Thursday, 8 April 2010

Saint´s Week on the Sil

Semana Santa is a big deal here in Spain. Whilst some cities come to a stand still for holy processions, most people simply see it as a good excuse for a holiday. Like many others in the country, I headed for the hills, finding a rather fitting base for Saint's Week in an old church rectory, the Reitoral de Chandrexa, which sits perched on the slopes of the breath taking canyon of the Rio Sil.

The Sil carves it's way across Galicia's inland province of Ourense. This rugged, mountainous area is known as the Ribeira Sacra - one of the country´s best wine regions. As it twists and turns through the province, it creates a series of micro climates, which are perfect for Galicia's hardy and aromatic grape varietals, notably the godello and mencia. Grapes have been grown in the region for more than two thousand years, and when you consider the treacherous lengths that are gone to tend to the vnyards along the canyon, it's not hard to understand why wine making is looked upon here with divine significance.

Whilst there has been some time to visit the wineries (more on that to come), really I came here to work... The vicar has long since left the building, but the rectory is still in good use, now as a small farm and rural guest house. I arrived last week to a healthy measure of wine from the Reitoral's own vinyard, and hot empenada de cerdo – pig pasty – fresh from the oven. Each day is punctuated by the almost-regular chiming of the church bells, which ran 50-odd minutes fast, making their inaccuracy known roughly every fifteen minutes. Still, when the bells tolled three times, meaning it was sometime just after two, it was time to down tools and head to the house for a long lunch.

The cooking is distinctly Galego, but with many inventive twists. Chorizo con castañas, a dish that is typical of these particular hills, because of the abundance of chestnut trees. Lentijas con algas, lentils stewed with seaweed farmed in the shallow rias on the atlantic coast. Filloas – Galicia's version of pancakes – served with queso de pais – soft and creamy cow's milk cheese, made in the next village. Bread baked in the communal stone oven, which is shared with the surrounding households. Home-made jams, honey and juices. Cake made from a traditional recipe, served for breakfast every morning.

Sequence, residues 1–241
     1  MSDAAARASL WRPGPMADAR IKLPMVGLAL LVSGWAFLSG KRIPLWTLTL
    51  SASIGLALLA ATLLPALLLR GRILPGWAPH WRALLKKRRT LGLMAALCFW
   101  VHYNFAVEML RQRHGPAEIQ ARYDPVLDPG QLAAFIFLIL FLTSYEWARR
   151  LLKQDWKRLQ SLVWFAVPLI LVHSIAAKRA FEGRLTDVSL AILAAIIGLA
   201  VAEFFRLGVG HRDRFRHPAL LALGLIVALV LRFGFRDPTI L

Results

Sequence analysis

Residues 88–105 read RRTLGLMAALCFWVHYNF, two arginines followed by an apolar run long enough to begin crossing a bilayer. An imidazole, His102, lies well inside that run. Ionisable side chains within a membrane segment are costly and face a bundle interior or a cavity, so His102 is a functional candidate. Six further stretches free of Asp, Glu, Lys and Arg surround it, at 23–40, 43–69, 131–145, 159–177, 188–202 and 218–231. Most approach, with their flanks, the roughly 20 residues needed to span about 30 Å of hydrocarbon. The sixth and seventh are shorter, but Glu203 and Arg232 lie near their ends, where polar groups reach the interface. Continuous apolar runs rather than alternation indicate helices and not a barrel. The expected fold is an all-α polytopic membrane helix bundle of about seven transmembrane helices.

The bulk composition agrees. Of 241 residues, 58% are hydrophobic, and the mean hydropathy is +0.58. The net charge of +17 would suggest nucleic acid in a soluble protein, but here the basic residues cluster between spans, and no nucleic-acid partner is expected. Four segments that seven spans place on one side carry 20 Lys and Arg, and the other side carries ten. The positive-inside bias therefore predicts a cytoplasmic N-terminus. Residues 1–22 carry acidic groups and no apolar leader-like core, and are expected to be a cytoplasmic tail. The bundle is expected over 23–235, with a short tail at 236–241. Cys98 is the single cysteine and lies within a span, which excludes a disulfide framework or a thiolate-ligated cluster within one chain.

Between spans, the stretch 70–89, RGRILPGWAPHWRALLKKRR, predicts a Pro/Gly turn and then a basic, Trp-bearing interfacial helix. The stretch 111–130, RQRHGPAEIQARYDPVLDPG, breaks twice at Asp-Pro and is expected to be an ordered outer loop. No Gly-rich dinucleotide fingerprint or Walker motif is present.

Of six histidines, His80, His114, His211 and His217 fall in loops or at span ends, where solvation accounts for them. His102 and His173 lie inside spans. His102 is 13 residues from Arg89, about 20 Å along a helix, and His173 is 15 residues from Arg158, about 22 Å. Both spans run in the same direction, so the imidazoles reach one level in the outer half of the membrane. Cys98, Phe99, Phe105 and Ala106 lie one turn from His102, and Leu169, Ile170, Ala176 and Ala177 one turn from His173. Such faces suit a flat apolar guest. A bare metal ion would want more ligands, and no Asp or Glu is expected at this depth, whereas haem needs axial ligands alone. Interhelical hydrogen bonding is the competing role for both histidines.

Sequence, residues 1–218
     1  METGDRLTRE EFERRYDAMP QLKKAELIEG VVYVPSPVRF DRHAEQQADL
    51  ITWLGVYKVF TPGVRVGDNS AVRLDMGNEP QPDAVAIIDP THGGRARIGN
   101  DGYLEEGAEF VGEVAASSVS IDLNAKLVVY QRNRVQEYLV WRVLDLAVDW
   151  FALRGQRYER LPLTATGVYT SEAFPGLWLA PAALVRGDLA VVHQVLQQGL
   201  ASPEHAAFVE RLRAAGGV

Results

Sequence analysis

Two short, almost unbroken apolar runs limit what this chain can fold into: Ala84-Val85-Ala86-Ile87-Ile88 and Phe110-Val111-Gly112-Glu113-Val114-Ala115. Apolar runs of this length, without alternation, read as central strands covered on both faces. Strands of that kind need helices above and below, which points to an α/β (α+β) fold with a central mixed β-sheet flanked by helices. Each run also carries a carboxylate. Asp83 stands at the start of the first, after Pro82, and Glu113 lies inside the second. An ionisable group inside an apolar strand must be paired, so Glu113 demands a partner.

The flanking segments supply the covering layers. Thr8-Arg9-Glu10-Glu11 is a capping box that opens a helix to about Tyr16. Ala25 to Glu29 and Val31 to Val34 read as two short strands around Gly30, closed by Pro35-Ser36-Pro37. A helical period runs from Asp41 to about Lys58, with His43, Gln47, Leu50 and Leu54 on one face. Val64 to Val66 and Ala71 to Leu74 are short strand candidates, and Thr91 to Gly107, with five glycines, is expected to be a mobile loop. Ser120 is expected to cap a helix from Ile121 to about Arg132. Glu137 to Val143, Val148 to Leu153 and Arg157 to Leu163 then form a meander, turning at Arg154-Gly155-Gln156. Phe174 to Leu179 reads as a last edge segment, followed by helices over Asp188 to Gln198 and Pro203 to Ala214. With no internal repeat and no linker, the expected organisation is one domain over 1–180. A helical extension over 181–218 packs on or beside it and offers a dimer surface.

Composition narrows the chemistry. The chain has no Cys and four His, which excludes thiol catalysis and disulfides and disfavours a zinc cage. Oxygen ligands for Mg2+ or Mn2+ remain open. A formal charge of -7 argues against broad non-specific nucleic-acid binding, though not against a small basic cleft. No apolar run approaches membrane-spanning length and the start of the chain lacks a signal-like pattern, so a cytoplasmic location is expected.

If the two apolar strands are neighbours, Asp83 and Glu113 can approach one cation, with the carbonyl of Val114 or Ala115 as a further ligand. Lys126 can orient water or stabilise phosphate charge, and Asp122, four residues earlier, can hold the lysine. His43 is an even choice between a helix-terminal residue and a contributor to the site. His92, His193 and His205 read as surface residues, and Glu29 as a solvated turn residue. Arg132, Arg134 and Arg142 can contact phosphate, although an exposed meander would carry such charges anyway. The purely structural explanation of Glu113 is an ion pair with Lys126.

Pastel de Ourense

This most traditional of cakes is native to this particular corner of the Ourense province. Interestingly, it's made using a sour dough starter, meaning there's no baking soda or other rising agent. Served at breakfast time and after lunch, it's delicious as it is, but really comes into it's own when dipped into very hot coffee.

The recipe here may seem a bit loose, but that's because the landlord here at the Reitoral de Chandrexa has made it so many times, he just kind of throws it together as he goes about his other business. Be aware this is definitely one for the patient cook however, the sour dough means it takes a good half day to make.

Enough for a huge baking tray full

Make a sour dough leavan starter.

Mix with warm water.

Add half kilogram of plain flour. Form into a dough, cover, and leave to rise for five hours.

Cream half a kilogram of butter with twice that volume of sugar (about a kilogram).

Add twelve eggs, and another half kilogram of plain flour to the butter and sugar, and mix well.

Mix the butter / egg mixture together with the dough, and transfer into rectangular cake tins.

Bake in hot oven for 45 mins – an hour. At the Reitoral, they use a old fashioned wood burning stove, with a couple of large chunks of oak in the burner. If you don't have one of them, turn the dial to 180 degrees.

Remove from the oven when the top has turned golden brown and a skewer comes out clean after piercing.

Sprinkle with more sugar and leave to cool.

Serve for breakfast and after lunch with hot coffee for dipping.

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